• Which newspaper please? Which companies japan passing?
          I hadnt noticed this trend in the 90s (when Japan was still an essential Asian market by default, impossible to ignore), but around 2007 or so a businesswoman for a shoe company told me she wouldnt be doing a buying trip here again “because they are so racist”.

          That’s when I knew the cat was out the bag; world had reached foreign shores about the Real Japan. It’s been downhill since then, what with Fukushima radiation, earthquakes, North Korea, shrinking economy, better alternatives.

          Sorry, but what’s to like? Oh yes, the ANIME.

      • Upcoming newspaper article … by whichever major journalist has the intelligence and courage to report on this human-interest-story of Japan’s continued lack of any “all races equally protected” Civil Rights Law in 2017.

        Whoever writes this article will greatly benefit by using the powerfully concise phrase which longtime Debito.org posters Baudrillard & Jim Di Griz have both used recently: “Japan-Pass / Japan-Passing”.

        Much more presently relevant than the old “Japan-Bash / Japan-Bashing” phrase which Japan used to pretend to be the victim, this newer and more appropriate “Japan-Pass / Japan-Passing” phrase properly explains how people around the world are realizing they have the right and the ability to CHOOSE to REFUSE to do business with Japan, just like the world justly previously chose to refuse to do business with South Africa, until Japan finally ends its belligerent legal-Apartheid stance of refusing to enact the U.N. CERD treaty-mandated “all races equally protected” Civil Rights Law.

        The companies and people who choose to “Japan-Pass” are taking this action not just for moral reasons, but for personal safety as well: one simply cannot safely live in or even temporarily visit a country in which racial discrimination is legal in 2017.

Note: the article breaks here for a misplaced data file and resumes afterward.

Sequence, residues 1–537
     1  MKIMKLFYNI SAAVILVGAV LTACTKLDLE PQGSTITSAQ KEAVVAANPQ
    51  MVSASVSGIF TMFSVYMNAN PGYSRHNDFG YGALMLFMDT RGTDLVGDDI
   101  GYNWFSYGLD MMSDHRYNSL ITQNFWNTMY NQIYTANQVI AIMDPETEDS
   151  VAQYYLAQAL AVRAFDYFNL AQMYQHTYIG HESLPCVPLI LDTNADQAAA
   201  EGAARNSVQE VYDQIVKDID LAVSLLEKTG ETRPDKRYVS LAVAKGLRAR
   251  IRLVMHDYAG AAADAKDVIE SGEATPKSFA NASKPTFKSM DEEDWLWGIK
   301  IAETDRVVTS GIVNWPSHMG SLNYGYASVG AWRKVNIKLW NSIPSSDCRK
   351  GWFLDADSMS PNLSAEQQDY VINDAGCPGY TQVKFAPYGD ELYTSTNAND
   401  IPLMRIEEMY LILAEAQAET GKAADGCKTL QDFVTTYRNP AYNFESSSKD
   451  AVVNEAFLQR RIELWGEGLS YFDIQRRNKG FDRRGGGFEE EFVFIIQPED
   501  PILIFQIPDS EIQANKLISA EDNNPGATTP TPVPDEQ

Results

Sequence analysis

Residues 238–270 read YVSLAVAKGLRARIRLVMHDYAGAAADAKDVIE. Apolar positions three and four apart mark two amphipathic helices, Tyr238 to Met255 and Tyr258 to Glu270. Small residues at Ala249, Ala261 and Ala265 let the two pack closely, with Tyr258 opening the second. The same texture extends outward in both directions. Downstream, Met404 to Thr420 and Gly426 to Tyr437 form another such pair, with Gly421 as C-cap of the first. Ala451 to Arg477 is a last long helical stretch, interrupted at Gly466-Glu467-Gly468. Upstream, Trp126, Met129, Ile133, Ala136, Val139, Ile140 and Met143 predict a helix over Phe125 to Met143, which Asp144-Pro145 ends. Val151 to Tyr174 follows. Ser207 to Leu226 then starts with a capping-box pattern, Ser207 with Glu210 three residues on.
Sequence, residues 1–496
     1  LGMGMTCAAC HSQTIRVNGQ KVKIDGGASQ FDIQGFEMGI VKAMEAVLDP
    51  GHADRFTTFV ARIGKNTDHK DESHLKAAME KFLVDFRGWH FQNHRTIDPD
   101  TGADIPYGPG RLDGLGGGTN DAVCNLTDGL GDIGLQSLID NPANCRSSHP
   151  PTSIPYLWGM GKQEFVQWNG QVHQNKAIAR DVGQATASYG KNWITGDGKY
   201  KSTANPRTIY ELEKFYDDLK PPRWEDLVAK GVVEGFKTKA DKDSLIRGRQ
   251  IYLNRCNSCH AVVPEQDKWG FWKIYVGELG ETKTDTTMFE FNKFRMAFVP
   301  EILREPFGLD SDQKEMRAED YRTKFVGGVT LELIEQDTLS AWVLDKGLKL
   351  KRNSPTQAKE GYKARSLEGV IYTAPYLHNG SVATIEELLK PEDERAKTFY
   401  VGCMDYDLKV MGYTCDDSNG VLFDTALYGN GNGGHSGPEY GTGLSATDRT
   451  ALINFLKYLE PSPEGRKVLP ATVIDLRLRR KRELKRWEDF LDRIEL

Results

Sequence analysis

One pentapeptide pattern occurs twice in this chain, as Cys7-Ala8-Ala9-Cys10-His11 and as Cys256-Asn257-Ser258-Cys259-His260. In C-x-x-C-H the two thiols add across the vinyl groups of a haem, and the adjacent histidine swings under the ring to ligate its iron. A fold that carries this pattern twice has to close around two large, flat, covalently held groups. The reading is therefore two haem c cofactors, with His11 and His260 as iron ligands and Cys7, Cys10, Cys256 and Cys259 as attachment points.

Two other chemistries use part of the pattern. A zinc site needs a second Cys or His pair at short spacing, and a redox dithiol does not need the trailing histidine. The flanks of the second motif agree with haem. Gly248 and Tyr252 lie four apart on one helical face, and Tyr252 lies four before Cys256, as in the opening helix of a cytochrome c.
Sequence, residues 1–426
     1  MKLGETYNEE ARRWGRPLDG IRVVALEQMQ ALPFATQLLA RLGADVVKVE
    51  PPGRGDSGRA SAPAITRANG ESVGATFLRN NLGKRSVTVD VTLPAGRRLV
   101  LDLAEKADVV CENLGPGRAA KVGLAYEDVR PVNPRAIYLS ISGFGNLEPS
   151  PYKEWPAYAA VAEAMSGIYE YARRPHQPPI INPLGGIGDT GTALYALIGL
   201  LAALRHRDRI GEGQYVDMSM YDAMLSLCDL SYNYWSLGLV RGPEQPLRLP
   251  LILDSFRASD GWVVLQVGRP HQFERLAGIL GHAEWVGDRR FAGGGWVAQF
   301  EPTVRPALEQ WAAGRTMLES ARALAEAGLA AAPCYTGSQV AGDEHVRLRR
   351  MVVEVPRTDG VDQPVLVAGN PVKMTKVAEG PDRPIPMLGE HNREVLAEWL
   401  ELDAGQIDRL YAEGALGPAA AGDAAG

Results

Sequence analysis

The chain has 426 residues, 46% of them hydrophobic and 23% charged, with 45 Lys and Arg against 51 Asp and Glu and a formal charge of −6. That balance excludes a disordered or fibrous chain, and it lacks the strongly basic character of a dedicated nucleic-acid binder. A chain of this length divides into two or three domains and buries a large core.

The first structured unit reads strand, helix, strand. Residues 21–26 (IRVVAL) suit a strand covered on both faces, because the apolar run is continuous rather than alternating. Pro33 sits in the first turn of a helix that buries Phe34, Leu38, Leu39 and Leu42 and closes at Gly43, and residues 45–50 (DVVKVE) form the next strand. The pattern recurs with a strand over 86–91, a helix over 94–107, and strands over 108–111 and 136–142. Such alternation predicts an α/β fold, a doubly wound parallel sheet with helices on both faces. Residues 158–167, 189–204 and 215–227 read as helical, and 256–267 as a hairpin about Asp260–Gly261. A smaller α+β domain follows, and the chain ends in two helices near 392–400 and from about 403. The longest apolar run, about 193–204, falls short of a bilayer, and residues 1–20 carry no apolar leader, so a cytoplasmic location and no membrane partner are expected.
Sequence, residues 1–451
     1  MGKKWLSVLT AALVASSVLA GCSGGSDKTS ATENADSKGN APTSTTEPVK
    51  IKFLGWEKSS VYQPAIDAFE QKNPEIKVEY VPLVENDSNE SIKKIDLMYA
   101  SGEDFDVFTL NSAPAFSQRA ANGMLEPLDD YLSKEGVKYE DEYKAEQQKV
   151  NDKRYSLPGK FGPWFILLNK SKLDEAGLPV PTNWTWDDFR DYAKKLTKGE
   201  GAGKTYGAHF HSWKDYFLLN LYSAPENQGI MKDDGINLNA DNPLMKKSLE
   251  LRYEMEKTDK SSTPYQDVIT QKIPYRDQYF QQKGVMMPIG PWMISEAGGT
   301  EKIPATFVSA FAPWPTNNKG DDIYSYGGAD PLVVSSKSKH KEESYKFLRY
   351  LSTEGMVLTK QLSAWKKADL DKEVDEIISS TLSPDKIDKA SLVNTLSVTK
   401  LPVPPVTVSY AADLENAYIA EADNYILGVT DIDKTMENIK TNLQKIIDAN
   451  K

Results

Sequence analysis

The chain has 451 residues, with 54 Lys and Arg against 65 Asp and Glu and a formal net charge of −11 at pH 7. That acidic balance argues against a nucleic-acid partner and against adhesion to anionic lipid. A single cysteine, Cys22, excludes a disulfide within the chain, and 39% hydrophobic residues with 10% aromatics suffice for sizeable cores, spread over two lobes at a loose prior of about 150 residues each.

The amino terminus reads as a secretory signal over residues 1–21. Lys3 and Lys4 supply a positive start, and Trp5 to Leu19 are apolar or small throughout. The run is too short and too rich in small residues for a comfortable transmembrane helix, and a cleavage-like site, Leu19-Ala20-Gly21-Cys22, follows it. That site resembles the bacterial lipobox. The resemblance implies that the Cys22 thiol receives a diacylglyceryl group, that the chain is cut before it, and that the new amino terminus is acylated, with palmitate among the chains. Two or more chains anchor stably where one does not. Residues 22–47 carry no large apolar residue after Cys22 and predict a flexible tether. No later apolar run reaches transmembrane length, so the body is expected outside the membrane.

Racial discrimination in Japan continues to be committed daily by private individuals: like company owners and staff quietly enforcing the “no Non-Japanese races” policy, from restaurants to real estate agents to even litigation lawyers.

        Japan labels all “Non-Japanese races” as “Gaikokujin / Gaijin” even if the person in question holds a Japanese passport. Meaning: even if a person is a citizen of Japan (whether naturalized or even from birth – born to parents who are both citizens of Japan) Japan’s cultural stance still maintains if one’s racial appearance does not match the “Japanese race” appearance stereotype, Japan forever labels one a “Gaikokujin / Gaijin” foreign-race-outsider, to be discriminated against as a sub-Japanese “Non-Japanese race”.

        And racial discrimination in Japan continues to be committed daily by public workers: like police officers initiating race-based interrogation without the prerequisite probable-cause nor reasonable-suspicion of any actual crime. Walking while appearing to be a non-Japanese race continues to be “sufficient grounds” to be detained in Japan.